Equis ISSN 2398-2977

Altrenogest

Synonym(s): Progestagen

Contributor(s): Simon Staempfli, Vetstream Ltd, Madeleine Campbell

Introduction

Name

  • Altrenogest.

Class of drug

  • Synthetic progestogen.

Description

Chemical name

  • 17-alpha-allyl-17-beta-hydroxyestra-4,9,11-trien-3-one (allytenbolone).

Molecular formula

  • C21H26O2.

Molecular weight

  • 310.43.

Physical properties

  • Licensed form in the UK is an oral solution, which is clear and light yellow.
  • In some other countries, eg Australia, a licensed injectable form is also available.

Storage requirements

  • Should be stored in its original bottle and dispensed with care using a syringe and protective clothing (see 'Precautions' below).
  • Because of its potential to cause disease in humans and to contaminate the feed of horses other than those being treated (see ‘Precautions’ below), it should be stored safely with particular care well away from children and where it cannot be handled accidentally by anyone not wearing protective clothing, nor by women of childbearing age or those with particular medical conditions.

Uses

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Indications

  • Licensed for use in mares in vernal transition (ie the transitional period between winter anestrus and the breeding season) for the following reasons:
    • Suppression of estrus during the long periods of estrus which can occur during vernal transition as mares develop waves of ovarian follicles but do not ovulate.This effect occurs whilst the mare is still being treated with altrenogest.
    • Control of the timing of initiation of estrus and synchronization of ovulation. Both of these effects occur after the end of treatment.
  • Is also used in various off-license ways, including:
    • Synchronization of estrus in a group of animals, eg embryo transfer donors and recipients.
    • Suppression of estrus behavior in performance mares.
    • In an attempt to support early pregnancies and prevent early embryonic death
    • To promote uterine quiescence in mares with placentitis during pregnancy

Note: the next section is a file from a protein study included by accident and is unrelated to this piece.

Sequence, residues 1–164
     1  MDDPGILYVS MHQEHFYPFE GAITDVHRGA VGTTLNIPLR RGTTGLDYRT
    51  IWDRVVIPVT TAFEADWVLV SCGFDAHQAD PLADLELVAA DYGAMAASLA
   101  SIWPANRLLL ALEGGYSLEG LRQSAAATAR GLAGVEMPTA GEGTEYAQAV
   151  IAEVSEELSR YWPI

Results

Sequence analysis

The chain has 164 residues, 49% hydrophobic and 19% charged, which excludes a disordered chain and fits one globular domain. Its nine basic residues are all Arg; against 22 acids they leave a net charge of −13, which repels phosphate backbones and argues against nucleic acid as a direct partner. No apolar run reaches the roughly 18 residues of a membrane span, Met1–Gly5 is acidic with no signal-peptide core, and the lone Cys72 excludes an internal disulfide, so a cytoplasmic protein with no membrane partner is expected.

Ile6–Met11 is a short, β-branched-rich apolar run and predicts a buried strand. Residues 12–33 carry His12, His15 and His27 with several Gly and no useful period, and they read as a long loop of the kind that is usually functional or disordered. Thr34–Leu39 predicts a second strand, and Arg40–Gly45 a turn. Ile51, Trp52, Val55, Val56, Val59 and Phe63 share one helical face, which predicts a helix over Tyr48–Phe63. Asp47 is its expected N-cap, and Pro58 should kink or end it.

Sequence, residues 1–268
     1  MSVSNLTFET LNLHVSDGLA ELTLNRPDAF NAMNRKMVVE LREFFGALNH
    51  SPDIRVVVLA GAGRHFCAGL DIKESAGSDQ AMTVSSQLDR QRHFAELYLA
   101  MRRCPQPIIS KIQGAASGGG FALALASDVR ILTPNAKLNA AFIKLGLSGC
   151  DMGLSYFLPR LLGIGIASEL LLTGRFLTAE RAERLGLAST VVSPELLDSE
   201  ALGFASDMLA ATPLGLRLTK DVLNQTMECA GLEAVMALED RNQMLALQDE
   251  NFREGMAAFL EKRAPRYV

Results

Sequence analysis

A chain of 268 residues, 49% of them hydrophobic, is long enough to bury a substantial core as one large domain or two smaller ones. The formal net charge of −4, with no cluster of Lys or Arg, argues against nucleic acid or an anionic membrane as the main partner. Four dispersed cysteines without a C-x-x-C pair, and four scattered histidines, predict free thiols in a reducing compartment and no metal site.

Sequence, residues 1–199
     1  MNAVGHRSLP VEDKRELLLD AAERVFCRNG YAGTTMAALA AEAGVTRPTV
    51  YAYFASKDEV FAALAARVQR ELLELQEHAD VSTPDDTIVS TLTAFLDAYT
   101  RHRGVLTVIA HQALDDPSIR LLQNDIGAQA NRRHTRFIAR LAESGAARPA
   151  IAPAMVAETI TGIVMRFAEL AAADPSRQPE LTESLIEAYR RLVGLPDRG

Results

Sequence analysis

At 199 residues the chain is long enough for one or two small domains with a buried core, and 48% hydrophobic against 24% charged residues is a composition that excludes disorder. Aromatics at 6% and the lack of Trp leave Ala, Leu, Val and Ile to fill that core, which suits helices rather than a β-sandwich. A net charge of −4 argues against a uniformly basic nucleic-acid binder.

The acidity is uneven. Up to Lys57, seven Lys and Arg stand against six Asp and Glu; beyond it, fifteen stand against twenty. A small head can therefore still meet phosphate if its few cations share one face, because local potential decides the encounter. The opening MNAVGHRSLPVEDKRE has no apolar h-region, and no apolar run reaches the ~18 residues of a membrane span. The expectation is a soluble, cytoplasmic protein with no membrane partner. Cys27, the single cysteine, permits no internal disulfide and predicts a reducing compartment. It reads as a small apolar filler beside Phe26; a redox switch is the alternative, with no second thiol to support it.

• In an attempt to suppress undesirably aggressive behavior in mares and stallions. Use in male animals is specifically contraindicated on the data sheet.
All of these are off license uses which should only be undertaken under the prescription cascade, and for which (written) informed consent should be obtained from animal owners prior to use.

Administration

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Pharmacokinetics

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Precautions

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Interactions

with other drugs

  • Griseofulvin Griseofulvin can alter the effect of Aaltrenogest if both administered to the same animal.

Adverse Reactions

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Further Reading

Publications

Refereed papers

  • Recent references from PubMed and VetMedResource.
  • De Mestre A M, Rose B V, Chang YM, Wathes D C, Verheyen K L P (2019) Multivariable analysis to determine risk factors associated with early pregnancy loss in thoroughbred broodmares. Theriogenology 124, 18-23 PubMed.
  • McConaghy F F, Green L A, Colgan S, Morris L H (2016) Studies of the pharmacokinetic profile, in vivo efficacy and safety of injectable Altrenogest for the suppression of oestrus in mares. Aust Vet 94 (7), 248-55 PubMed.
  • Willmann C, Schuler G, Hoffmann B, Parvizi N & Aurich C (2011) Effects of age and Altrenogest treatment on conceptus development and secretion of LH, progesterone and eCG in early-pregnant mares. Theriogenology 75 (3), 421-8 PubMed.
  • Storer W, Thompson D L, Gilley R M & Burns P J (2009) Evaluation of injectable sustained release progestin formulations for suppression of estrus and ovulation in mares. J Equine Vet Sci 29 (1), 33-36 VetMedResource.
  • Goolsby H A, Brady H A & Prien S D (2004) The off-label use of Altrenogest in stallions: a survey. J Equine Vet Sci 24 (2), 72-75 VetMedResource.
  • Daels P F, McCue P M, DeMoraes M J & Hughes J P (1996) Persistence of the luteal phase following ovulation during Altrenogest treatment in mares. Theriogenology 46 (5), 799-811 PubMed.

Other sources of information


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